At the core of this backlash is that conservatives view simply acknowledging systemic racism and white privilege as a direct attack on the fact of “whiteness”; to conservatives DEI initiatives and teaching about race and racism feel like a personal assault on their identity and not their behavior.

Conservatives in the U.S. are strongly individualistic so much of this tension is grounded in the conservative belief in individualism and rejecting of collectivism (systemic forces).

This explains the parent above adamantly proclaiming that he and his child do not have white privilege and his adding, “we [don’t] need to apologize for [being white].”

Further, this also explains why Republicans are successful when they proclaim the U.S. is not a racist country, despite the overwhelming evidence of racial inequity.

Finally, then, we must confront the problem of blame and culpability, which I think falls into these broad categories:

  • Individual racists. Some people in the U.S. are genuinely and openly racist, and of course, they actively perpetuate systemic racism and deserve blame, and condemnation.
  • Racism/white privilege deniers. As demonstrated in the NYP article above, some people strongly reject that systemic racism and white privilege exist; they are likely to believe that the U.S. is a meritocracy and that success/failure are rooted in individual effort and capacity. In other words, they believe rich people deserve to be rich and poor people deserve to be poor. Many of these people genuinely believe they are not racist and freely espouse that no one race is superior to the other; however, since the data overwhelming show racial inequities in terms of success and failure in the U.S., this position implies patterns of stereotypes (racism and sexism) that are hard to ignore (i.e., Black people and poor people are lazy). Racism and white privilege denial perpetuates racism, and thus, that denial (not simply being white) deserves blame.
  • People who are “color blind” MLK “race neutralists.” NRP has reported that “[n]early half of the speakers at the Republican news conference in May invoked Martin Luther King Jr., expressing their desire to be judged ‘by the content of their character, not the color of their skin.'” It is common to hear among people who reject CRT/DEI that they “do not see race.” While this is a compelling argument, especially when paired with the MLK quote oversimplified and taken out of context, race neutrality is another form of racism denial that perpetuates racism. The problem is not seeing race, but having negative (and racist) responses to acknowledging race. The irony here is that King was clearly speaking to conservative American values (“content of their character” is the language of rugged individualism and meritocracy), but its rhetorical value can be oversimplified and, as the current climate proves, manipulated for the exact opposite effect King intended. Race neutrality (not simply being white) also deserves blame.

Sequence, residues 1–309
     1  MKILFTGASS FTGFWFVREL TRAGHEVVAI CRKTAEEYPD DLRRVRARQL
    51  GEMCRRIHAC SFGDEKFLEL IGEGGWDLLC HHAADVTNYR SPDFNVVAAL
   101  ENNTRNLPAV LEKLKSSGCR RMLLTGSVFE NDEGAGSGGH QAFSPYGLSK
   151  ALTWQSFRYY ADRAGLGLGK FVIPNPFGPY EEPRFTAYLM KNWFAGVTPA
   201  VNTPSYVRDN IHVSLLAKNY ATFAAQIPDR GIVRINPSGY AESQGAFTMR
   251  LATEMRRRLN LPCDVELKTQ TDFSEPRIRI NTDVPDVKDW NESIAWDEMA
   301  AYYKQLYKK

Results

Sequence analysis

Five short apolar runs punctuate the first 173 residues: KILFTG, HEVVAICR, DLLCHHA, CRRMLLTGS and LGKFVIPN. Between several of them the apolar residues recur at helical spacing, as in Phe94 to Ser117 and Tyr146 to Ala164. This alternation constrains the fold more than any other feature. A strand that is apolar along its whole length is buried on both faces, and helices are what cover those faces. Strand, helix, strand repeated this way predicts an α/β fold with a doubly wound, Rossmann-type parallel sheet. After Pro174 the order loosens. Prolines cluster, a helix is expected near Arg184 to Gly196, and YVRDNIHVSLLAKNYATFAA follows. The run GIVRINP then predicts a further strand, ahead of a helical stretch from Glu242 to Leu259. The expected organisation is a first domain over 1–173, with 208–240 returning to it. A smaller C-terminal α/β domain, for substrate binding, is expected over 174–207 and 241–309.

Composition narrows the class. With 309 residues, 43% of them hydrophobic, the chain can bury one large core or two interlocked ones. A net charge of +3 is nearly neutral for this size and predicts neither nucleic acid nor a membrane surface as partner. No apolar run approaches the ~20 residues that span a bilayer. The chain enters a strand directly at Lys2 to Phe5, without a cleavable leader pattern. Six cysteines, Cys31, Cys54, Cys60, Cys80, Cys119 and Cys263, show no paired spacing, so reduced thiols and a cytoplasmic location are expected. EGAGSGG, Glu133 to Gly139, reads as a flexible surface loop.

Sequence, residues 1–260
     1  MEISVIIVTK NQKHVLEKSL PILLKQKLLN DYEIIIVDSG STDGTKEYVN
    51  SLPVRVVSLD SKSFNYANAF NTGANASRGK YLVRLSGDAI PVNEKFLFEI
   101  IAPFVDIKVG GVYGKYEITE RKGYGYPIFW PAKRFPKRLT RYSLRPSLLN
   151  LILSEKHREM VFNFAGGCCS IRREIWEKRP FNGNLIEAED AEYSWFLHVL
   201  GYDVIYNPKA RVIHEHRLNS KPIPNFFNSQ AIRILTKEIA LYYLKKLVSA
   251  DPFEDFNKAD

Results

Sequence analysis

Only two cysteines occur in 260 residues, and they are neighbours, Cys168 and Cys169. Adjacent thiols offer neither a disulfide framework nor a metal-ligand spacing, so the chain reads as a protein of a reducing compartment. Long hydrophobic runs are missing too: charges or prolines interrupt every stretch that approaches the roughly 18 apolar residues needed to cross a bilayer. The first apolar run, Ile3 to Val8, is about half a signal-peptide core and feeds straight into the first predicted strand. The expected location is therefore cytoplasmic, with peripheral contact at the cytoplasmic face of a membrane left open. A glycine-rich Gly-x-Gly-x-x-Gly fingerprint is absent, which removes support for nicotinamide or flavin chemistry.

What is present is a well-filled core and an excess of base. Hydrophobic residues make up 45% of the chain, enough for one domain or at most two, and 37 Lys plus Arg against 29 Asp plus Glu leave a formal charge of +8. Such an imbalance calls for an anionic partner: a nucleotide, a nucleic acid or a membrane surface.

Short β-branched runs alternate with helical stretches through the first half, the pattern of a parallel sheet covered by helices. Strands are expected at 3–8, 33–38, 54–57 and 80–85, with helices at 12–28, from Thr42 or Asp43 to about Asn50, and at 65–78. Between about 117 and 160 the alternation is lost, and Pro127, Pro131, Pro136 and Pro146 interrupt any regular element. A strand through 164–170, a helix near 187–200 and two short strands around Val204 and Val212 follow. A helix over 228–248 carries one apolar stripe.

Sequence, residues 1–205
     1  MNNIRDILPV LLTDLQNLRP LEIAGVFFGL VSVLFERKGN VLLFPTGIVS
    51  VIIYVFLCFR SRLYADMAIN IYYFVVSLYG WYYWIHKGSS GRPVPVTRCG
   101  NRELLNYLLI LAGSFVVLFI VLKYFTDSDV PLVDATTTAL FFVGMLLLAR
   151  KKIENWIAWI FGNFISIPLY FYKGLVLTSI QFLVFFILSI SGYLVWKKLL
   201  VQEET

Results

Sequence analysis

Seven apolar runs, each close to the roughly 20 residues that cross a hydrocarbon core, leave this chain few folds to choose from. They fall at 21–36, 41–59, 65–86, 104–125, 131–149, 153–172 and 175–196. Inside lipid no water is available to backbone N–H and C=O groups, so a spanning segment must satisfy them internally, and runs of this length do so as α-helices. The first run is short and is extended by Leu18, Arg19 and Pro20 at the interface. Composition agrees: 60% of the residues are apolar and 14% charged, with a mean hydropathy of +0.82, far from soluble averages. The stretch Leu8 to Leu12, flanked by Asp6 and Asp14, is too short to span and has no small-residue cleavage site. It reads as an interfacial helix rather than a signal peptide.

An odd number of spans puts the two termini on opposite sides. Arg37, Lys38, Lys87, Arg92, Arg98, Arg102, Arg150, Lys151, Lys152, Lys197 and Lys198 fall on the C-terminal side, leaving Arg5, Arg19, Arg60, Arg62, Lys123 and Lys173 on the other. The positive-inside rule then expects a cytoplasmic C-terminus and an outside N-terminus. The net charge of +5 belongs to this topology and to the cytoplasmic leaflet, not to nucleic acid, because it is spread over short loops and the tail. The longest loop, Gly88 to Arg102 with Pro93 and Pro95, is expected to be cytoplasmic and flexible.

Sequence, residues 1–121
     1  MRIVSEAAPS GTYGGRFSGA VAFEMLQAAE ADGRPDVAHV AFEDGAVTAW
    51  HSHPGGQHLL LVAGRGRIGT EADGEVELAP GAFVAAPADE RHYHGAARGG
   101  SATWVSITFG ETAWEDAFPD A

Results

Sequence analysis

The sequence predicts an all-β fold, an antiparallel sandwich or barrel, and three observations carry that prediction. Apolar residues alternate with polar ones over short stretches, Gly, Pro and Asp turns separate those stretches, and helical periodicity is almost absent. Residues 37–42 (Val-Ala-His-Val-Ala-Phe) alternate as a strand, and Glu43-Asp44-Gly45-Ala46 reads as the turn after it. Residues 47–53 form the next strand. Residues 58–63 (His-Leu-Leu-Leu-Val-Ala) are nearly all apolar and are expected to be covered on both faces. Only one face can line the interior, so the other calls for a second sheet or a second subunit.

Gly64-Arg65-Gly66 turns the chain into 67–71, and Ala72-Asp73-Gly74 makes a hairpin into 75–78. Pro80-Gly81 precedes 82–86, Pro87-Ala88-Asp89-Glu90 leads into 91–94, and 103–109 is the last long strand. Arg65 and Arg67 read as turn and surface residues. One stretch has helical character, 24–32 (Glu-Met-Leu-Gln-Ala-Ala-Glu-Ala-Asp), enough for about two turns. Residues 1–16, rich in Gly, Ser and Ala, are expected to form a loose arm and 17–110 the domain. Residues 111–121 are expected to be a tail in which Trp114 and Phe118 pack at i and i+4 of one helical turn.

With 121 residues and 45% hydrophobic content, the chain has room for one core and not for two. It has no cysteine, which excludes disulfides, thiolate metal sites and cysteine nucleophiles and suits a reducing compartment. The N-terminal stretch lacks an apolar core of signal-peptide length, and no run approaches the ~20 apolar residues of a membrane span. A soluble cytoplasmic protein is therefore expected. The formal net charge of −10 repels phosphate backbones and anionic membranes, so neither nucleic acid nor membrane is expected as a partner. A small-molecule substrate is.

• People who act on their awareness of systemic racism/white privilege. The goal of teaching about race and racism as well as DEI programs is to create the very meritocracy conservatives already believe the U.S. has attained. These lessons and programs are designed to raise awareness about how to behave differently, how to contribute to bringing an end to inequity (racism and white privilege). What is required, I suspect, is empathy, a willingness to listen to other people’s experiences and value them as much as your own. Conservatives often express a contradictory rugged individualism that inhibits that empathy, especially when confronted with concepts such as micro-aggressions. “X doesn’t bother me so I don’t see why X would bother anyone else,” they exclaim. For those who are willing to listen and then willing to act (even when they are white), they have found the road to not being blamed. And another irony because this isn’t about the color of your skin, but about the content of your character and your individual behavior.

CRT is not the problem, but it has become a powerful code for conservatives who are nearly permanently inward looking, unable to hear and see the very systemic problems that CRT helps us identify in order to change.

CRT and DEI programs can, of course, be misused, and then, would deserve criticism. But that isn’t what is in front of us or the parents at elite private schools.

The problem is us even though it isn’t every single one of us.